by Stephen Beaumont
As I sit in a hotel room at the Chateau Lake Louise, about to complete the book launch tour for my and Tim Webb’s new book, Best Beers, Mexico City and Cerveza Mexico seems like a lifetime ago. But in fact it was but three weeks earlier that I was, in turn, judging the Copa Cerveza MX, speaking at the Congresso Cerveza Mexico and tasting beers at the Cerveza Mexico Expo beer festival.
Which means it was only a few weeks ago that I had my eyes opened – again! – by the impressive strides forward made by Mexico’s 200 or so craft breweries.
My entrée into the world of Mexican craft beer began in 2012, gathering information for the first edition of The World Atlas of Beer and composing reviews for what was then still known as The Pocket Beer Guide, now Best Beers. The quality of the ales and lagers sampled back then was sketchy at times, but my sense was that this was a market with great promise. And two years ago, when I attended my first Cerveza Mexico, that promise was beginning to be realized.
Today, Mexico is in full craft beer flight. And although there are still bumps showing up along the way, the rate of overall improvement is nothing if not astounding.
While breweries are now scattered all across Mexico, even in my beloved Riviera Maya on the Yucatan peninsula, the highest concentrations remain in the northwest around Baja California and around the capital region. (The former area, incidentally, is where Anheuser-Busch InBev has focused its brewery buying efforts, snapping up four including the generally well-regarded Cerveza Cucapá.) Those are also the districts with the oldest and most mature breweries, as well as some of the most promising young operations.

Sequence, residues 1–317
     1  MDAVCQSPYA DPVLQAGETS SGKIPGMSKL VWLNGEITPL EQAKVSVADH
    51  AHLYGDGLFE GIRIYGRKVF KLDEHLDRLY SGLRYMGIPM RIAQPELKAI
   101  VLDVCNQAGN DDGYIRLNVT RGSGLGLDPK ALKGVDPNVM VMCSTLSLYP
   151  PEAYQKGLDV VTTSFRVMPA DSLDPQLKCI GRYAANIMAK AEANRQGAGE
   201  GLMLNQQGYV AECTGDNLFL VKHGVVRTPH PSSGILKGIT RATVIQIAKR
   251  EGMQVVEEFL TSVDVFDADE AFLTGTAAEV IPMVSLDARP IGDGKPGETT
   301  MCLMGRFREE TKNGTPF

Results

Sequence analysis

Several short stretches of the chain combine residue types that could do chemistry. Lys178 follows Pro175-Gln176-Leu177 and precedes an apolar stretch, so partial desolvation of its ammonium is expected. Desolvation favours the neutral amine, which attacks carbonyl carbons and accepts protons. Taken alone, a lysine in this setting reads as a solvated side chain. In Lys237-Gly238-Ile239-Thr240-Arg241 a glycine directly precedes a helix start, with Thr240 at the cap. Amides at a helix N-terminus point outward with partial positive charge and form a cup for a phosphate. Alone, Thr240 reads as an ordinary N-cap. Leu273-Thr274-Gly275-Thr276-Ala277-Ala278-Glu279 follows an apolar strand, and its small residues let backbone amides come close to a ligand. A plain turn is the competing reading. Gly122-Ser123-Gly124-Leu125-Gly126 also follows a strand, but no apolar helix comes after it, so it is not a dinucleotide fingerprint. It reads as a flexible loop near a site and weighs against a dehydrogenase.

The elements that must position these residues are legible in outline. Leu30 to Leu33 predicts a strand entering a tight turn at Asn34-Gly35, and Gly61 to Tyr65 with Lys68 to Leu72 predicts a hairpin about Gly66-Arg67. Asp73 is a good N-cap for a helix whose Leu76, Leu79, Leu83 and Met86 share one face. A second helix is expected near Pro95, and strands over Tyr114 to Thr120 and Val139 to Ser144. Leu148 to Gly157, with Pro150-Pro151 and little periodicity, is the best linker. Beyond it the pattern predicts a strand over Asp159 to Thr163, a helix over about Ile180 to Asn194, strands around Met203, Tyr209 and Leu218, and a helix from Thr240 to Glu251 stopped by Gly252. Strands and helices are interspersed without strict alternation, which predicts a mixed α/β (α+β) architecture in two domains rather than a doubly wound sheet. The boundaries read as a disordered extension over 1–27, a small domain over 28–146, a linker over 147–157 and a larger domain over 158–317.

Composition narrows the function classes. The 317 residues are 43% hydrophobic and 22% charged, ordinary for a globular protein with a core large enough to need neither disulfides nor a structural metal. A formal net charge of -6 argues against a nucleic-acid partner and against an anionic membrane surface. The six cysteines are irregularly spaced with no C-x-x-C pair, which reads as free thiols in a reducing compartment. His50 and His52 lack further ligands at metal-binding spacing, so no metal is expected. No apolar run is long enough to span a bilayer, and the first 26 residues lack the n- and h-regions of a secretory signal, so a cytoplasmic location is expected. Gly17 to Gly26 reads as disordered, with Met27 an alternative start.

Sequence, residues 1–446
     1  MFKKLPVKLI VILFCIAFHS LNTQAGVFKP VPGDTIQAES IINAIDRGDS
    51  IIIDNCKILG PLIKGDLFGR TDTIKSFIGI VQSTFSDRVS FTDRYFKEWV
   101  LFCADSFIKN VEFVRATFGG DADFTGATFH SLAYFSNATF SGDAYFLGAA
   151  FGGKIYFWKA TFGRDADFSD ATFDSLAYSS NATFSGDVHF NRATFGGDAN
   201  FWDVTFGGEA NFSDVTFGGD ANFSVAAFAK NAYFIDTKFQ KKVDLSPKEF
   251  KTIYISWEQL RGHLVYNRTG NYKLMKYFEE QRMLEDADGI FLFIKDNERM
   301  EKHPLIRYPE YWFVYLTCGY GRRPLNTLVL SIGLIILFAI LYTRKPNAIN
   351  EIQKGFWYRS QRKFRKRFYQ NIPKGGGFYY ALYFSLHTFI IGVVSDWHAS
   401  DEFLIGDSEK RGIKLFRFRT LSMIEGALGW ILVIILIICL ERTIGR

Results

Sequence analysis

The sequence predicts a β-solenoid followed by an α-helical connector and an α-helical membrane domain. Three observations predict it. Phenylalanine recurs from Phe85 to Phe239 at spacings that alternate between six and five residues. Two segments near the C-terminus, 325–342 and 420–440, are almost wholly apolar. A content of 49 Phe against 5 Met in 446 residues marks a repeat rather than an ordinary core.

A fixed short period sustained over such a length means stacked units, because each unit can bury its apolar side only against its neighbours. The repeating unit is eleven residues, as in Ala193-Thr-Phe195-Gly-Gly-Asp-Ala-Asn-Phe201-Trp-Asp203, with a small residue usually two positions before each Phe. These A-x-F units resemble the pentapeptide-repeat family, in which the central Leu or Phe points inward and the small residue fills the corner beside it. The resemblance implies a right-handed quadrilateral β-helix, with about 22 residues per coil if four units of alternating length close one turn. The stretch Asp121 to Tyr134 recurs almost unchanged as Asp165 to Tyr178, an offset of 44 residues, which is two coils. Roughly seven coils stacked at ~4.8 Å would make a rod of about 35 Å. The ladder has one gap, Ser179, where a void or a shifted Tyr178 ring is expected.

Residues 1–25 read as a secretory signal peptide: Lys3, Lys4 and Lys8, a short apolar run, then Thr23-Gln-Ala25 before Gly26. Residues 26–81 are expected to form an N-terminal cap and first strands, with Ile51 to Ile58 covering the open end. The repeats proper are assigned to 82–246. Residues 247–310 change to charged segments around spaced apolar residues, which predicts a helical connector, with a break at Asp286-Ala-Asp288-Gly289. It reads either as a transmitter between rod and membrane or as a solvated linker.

For an overview of the whole country’s beer scene, however, the November Cerveza Mexico Expo cannot be beat. Of course, not all of the nation’s craft breweries are on display there, but enough make the trip that it offers a very good ‘broad stroke” perspective.
On the negative side, there seems to be a general packaging problem in Mexico, as I regularly encountered too many oxidized beers in both draught and bottled form. And in the northwest in particular, there remains a rather slavish tendency to follow the lead of the U.S. brewers to the north, creating a great many ales big and brash in both strength and hop content.
But the oxidization issue will solve itself as equipment improves overall – I spoke to a few breweries that were either in the process of or soon to begin installing new bottling and canning lines – and the style focus is thankfully not coming at the expense of innovation in local and regional beer styles.
Among that latter group, the most exciting to me is the Mexican Imperial stout, almost always made with chillies, and usually also with cocoa and/or spices. (If you’ve had any of this style of beer brewed in the United States, trust me, the Mexicans are already doing it better.) Also coming into play are unique ingredients, as with the wild vanilla-flavoured Winter Ale from La Bru, or unusual barrels, as in the Mezcal IPA from Mexico City’s Chaneque.
These trends echo those occurring around the world these days, as country after country, from Brazil to Japan to Italy, seeks to find a way to make its own distinctive imprint on beer style.
A few others to watch include: Calavera’s new Morning Star, billed a “breakfast IPA” and not really fitting the bill, but damn tasty nonetheless; nomadic brewer Malteza’s lone offering, a terrific Scottish style wee heavy called Morrigan; Urbana’s wonderfully balanced Crossover IPA; Huérfana’s Maguey Beer, which combines seven grains and toasted maguey piñas in a 4.8% quaffer; and almost anything from Wendlandt, Colina and Large Brewery of the Year for 2017 – “large” being a very relative term in Mexico – Cerveza Fauna.
In more general terms, however, keep your eye on Mexican craft beer. I have a feeling great things will be coming from lower North America very soon.
A corner dedicated to bringing you insight from industry author and beer connoisseur, Stephen Beaumont.